Fears regarding adverse chemical reactions between hot water or soup and disposable polystyrene and plastic cups and bowls are misplaced (Enact law to ban plastic and styrofoam takeaway packaging, by Mr Joe Teo Kok Seah; May 5).
The Cancer Research UK website stated that even in experiments where plastic bottles are heated as high as 60 deg C for many hours, the levels of chemicals that moved into food and drink were far under levels that are considered unsafe.
In addition, it noted that there is no good evidence that bisphenol-A (BPA) can cause cancer in people. The European Food Safety Authority did a full scientific review of BPA and concluded there was no health risk.
Several years ago, the Hong Kong Centre for Food Safety conducted a study to assess the safety and suitability of instant cup-noodle containers (in which the noodles are cooked in boiling water). These containers are mainly made of polyethylene-coated paper, expanded polystyrene/foam polystyrene and polypropylene plastic.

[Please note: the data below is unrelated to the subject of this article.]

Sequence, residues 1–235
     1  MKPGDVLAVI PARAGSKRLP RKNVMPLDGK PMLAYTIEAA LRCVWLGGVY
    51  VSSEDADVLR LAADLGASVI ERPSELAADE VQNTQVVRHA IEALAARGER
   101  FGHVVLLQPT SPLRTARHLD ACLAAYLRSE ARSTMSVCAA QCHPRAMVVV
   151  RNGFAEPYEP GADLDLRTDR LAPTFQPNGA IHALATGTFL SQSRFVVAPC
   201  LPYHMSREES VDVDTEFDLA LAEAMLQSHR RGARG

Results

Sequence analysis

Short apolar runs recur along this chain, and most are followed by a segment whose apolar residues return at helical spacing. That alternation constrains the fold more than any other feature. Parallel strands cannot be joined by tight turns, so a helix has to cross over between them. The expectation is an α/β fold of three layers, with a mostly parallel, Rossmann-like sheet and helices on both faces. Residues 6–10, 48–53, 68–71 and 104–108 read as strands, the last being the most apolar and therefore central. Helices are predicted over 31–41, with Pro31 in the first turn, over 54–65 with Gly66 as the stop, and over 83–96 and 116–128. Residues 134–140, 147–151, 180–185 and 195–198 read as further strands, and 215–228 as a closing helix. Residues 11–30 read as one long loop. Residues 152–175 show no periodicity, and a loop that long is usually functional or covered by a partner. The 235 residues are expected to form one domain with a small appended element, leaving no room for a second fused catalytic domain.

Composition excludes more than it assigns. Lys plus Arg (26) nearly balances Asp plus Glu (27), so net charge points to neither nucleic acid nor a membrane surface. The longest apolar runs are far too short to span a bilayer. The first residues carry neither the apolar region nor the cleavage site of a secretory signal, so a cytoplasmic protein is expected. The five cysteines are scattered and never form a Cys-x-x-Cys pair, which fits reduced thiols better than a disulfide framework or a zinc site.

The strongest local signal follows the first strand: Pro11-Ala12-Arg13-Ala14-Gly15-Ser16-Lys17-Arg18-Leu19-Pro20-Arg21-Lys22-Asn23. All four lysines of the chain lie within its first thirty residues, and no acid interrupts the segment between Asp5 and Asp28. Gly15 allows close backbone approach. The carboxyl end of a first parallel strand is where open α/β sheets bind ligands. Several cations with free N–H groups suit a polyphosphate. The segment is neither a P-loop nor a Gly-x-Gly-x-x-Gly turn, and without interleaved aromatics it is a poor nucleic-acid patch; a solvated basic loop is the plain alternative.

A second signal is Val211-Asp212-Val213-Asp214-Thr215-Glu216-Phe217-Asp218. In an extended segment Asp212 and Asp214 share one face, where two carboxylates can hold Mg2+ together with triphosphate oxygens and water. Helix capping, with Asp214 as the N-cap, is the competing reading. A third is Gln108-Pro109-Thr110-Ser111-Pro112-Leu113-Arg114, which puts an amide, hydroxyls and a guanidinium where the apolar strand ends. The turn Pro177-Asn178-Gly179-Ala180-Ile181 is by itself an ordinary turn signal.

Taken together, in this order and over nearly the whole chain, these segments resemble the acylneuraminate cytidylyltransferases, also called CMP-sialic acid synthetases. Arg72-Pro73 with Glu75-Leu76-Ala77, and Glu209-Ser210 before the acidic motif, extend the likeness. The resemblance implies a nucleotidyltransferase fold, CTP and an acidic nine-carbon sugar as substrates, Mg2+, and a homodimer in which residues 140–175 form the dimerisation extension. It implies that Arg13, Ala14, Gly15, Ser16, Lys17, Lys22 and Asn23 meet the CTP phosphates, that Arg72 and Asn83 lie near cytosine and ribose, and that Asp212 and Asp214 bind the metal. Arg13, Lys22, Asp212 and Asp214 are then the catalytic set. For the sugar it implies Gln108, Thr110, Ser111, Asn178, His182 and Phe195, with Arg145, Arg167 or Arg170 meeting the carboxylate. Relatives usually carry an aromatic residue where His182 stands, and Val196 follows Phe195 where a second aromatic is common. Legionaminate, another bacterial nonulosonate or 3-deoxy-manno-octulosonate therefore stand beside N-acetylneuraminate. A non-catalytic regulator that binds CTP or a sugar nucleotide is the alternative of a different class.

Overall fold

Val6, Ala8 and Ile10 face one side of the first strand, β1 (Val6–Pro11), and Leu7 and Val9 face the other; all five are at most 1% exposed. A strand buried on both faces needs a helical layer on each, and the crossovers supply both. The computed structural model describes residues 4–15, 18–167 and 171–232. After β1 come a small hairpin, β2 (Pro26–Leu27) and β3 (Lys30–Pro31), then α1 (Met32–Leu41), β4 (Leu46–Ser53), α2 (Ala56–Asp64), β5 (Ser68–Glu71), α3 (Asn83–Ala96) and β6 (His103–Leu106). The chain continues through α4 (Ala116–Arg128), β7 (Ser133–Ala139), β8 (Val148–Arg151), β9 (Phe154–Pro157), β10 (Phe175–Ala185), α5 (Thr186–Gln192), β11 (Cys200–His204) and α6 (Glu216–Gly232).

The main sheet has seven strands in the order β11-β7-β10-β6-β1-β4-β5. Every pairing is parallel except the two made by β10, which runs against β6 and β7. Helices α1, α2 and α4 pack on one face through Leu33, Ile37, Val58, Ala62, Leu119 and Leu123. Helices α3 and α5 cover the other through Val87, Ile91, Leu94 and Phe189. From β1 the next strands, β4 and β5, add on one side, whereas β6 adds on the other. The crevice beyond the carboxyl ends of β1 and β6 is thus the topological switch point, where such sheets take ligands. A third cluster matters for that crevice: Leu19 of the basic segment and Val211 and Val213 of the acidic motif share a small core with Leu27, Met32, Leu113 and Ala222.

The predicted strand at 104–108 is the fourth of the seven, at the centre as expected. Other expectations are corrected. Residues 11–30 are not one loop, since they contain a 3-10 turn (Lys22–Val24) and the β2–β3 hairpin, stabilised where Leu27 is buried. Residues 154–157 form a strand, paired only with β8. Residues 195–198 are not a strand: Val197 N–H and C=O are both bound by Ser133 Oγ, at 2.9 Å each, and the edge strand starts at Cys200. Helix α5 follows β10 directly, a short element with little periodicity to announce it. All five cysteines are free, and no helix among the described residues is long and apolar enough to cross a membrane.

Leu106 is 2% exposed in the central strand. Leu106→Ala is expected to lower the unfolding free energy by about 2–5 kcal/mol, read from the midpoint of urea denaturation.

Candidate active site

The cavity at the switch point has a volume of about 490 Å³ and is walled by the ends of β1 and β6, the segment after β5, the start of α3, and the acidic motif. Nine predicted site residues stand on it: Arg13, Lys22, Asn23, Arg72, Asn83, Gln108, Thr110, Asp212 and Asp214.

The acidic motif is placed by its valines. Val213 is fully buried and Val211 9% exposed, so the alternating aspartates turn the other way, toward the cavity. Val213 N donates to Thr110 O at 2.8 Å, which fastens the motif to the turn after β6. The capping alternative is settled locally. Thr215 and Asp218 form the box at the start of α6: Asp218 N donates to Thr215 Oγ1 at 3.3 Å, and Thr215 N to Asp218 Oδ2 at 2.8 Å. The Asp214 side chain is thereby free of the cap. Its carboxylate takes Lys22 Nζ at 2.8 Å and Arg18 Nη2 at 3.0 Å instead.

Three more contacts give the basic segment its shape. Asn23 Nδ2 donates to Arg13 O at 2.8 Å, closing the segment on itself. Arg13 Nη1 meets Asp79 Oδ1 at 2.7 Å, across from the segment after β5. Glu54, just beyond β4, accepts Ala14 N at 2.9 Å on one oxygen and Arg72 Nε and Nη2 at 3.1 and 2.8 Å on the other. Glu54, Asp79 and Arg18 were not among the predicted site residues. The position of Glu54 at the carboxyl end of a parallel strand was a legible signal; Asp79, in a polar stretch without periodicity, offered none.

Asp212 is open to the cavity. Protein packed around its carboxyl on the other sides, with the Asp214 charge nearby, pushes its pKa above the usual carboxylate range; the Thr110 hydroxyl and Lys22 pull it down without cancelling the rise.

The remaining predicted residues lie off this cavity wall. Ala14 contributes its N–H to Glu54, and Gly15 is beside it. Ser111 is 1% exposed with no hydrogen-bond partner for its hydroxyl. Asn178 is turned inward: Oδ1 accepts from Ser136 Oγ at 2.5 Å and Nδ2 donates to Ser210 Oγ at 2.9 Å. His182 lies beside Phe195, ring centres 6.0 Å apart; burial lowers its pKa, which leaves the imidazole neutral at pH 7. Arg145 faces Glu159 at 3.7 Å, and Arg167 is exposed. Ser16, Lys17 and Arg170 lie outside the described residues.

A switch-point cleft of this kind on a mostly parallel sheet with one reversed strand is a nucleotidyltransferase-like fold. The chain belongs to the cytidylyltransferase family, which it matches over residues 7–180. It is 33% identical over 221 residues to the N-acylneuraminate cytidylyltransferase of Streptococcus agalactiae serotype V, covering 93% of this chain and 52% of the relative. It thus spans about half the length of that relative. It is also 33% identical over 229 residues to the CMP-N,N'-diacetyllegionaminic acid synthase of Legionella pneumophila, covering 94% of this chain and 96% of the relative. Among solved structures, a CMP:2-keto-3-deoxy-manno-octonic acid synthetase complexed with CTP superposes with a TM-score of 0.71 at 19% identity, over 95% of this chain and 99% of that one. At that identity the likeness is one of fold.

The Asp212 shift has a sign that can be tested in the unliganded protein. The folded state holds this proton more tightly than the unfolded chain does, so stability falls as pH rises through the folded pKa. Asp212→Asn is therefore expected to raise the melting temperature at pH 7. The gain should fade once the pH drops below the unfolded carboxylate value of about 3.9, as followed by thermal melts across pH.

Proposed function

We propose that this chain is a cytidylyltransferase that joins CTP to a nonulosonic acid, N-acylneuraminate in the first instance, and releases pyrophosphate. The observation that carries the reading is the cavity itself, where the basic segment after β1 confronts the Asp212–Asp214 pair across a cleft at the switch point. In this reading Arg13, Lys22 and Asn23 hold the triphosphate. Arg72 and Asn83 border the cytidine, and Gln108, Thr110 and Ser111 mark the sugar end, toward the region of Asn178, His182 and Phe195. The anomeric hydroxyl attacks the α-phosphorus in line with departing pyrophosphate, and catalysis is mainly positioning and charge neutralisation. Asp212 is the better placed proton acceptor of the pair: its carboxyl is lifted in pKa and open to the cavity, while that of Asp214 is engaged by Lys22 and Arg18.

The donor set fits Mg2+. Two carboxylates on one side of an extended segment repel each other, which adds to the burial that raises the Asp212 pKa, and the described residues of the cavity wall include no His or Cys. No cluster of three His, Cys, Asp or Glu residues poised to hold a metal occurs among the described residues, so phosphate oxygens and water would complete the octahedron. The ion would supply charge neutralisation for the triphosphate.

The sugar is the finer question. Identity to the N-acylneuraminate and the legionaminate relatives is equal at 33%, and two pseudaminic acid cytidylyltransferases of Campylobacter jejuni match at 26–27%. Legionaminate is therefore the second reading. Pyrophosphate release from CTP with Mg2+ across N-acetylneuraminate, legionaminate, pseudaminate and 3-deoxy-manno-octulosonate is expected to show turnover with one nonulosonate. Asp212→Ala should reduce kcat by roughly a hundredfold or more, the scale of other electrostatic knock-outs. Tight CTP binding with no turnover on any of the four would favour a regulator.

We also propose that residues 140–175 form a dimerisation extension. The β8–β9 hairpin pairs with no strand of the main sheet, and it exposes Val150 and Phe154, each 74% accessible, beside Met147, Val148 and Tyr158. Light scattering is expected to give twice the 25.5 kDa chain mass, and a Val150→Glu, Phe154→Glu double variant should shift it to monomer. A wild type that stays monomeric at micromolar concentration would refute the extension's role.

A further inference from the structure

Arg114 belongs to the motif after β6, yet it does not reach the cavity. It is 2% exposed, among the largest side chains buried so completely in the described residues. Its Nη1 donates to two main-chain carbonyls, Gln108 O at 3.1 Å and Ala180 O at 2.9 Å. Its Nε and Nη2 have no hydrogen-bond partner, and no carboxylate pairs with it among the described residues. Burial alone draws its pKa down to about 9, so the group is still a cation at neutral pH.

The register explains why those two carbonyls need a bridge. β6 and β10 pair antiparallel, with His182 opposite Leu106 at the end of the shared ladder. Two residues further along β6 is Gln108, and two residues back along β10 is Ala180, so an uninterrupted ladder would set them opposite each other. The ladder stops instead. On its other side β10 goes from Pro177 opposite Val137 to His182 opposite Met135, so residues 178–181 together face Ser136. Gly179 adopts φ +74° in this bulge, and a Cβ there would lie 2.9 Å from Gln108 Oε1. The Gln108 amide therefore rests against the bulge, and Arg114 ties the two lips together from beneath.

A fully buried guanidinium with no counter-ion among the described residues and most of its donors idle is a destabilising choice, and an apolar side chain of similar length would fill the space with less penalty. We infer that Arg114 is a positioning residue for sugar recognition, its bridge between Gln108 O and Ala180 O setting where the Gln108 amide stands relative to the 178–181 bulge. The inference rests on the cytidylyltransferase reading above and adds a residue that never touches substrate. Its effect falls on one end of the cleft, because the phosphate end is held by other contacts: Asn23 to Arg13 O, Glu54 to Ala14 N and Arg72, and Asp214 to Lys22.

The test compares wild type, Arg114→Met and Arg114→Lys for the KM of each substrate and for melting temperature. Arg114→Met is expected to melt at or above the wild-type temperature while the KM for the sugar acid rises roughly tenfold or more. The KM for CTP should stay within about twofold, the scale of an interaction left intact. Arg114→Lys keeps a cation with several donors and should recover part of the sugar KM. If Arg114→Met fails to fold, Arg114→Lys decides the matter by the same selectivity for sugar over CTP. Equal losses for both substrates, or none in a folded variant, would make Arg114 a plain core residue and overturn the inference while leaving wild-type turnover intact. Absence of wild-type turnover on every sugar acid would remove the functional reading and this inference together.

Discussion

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It concluded that under proper usage, these containers are unlikely to cause food safety problems.
In view of these, it would not be prudent for extreme reactions such as a ban on plastic and styrofoam takeaway food packages.
It is worth noting that many paper products used to package food are laminated with polyethylene or chemicals that contain fluoride, and are thus no different from plastic and styrofoam in their impact on health.
Of far greater concern is the effect of non-biodegradable food packaging on our environment.
Amy Loh Chee Seen